I don't like war - and I don't want to glorify it. I think it's outright wrong. And that’s regardless of whether it’s a war on the outside or us battling a part of ourselves internally. But there are people we love who decide(d) to participate in whatever capacity, and I want to honor them for walking their chosen path.
Now, I am from Germany, and have the other end of that particular (WWII) stick in my history...
A boy of 15. Imagine that! Nowadays kids aren't even allowed to drive cars at that age, or buy alcohol. The age of consent for sexual activity is between 16 and 18 in the US, 16 in Canada, and between 13 and 18 in Europe (Germany 14, if the partner is under 21, otherwise 16). All fairly harmless activities, and certainly not involving any outright weapons that are meant to hurt/kill others…
And my grandpa decided to go to war at 15, with parental permission. It's a scarring experience for anyone at any age if they make it through. He did, physically unharmed on the outside... yet the psychological scars were still clearly visible late in his life. As they were in all four of my grandparents.
None of them ever made up for lost childhoods, for nights spent in underground shelters during the air raids, for seeing the bodies of their loved ones who didn't make it to the shelter charred and shriveled up in the streets, for weeks spent fleeing, for foraging the forests for edible roots, and for the terrors of hiding in secret compartments from enemy soldiers for fear of being raped.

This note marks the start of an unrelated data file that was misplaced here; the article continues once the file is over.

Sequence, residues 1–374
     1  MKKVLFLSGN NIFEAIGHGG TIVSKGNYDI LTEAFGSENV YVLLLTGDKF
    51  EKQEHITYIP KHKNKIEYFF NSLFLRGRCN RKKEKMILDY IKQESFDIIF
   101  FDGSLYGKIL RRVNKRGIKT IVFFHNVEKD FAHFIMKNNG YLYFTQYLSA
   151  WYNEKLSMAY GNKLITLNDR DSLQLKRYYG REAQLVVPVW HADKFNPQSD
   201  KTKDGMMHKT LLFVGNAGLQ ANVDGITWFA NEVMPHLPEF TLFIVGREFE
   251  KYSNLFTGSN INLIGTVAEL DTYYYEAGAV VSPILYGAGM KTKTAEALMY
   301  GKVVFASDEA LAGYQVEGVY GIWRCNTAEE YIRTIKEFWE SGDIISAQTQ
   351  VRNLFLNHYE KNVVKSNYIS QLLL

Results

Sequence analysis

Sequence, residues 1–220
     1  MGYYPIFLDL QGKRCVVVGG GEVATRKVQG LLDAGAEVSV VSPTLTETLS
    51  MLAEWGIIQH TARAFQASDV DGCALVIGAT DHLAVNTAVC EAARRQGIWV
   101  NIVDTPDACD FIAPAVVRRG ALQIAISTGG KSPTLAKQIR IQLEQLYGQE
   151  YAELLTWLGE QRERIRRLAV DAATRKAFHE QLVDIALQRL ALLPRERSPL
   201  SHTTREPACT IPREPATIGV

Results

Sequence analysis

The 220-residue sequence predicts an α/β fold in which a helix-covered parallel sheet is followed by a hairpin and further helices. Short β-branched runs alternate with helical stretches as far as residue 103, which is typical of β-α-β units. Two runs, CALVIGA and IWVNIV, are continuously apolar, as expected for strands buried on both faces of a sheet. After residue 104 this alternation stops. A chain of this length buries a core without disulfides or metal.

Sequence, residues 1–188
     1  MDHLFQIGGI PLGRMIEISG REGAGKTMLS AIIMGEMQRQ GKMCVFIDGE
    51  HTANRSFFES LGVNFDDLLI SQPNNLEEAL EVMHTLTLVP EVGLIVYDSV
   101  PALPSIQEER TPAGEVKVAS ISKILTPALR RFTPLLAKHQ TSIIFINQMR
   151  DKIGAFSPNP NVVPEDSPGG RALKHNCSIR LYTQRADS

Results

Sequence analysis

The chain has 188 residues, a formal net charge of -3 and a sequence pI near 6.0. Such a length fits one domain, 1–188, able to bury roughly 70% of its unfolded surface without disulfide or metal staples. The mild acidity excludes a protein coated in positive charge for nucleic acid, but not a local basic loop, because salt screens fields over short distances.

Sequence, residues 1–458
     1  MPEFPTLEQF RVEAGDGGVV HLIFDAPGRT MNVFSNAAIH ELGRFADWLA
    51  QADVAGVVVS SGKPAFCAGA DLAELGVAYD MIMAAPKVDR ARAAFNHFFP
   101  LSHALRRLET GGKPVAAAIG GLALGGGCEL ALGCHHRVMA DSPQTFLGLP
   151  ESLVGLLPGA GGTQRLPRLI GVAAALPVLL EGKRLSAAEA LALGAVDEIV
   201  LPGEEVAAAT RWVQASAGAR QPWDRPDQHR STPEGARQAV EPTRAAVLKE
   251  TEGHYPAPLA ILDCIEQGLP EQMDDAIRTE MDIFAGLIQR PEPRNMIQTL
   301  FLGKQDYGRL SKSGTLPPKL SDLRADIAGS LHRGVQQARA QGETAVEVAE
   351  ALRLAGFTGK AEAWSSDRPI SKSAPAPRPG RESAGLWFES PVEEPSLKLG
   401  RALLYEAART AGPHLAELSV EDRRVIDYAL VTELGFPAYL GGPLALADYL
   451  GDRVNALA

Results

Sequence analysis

They never made up for those teenage romances that never happened, or for the carefree summers they never had, or for the educational endeavors they couldn't embark on because of the war. They never got out of that mindset of immense fear. And lack. The starvation for nourishing food, and starvation for love. Survival was all that counted.
The psychological longterm effects are hard to get rid of (especially when you're dealing with a generation of people who just want to swipe everything bad that happened under the carpet): that tendency to hoard; to buy too much food, because who knows what's going to happen while the shops are closed on Sunday... Difficulty letting go.
All clearly noticeable in all four grandparents. The immense fear. That led to a myriad of other smaller and larger health problems, culminating in heart disease, dementia and cancer.
This year, the first year they're all gone, I am finally brave enough to tell this side of the story. Because that's valid, too. And my grandparents did the best they could, as did everyone else. I know they have found their peace now. May they finally rest in it.
I would love to see the world turn into one that is motivated by love! Motivated by a genuine desire to enrich each other. Rather than motivated by that old story of fear and how everyone is just out to get us. If we can turn that around inside ourselves - each one of us individually - the world WILL be a much more loving place. And there will be no need for lingering fears and lashing out at others.
Let's rid the world of all the gigantic mini-tyrants we shelter in our own minds... for lasting peace. It starts on the inside. <3
Love & Light,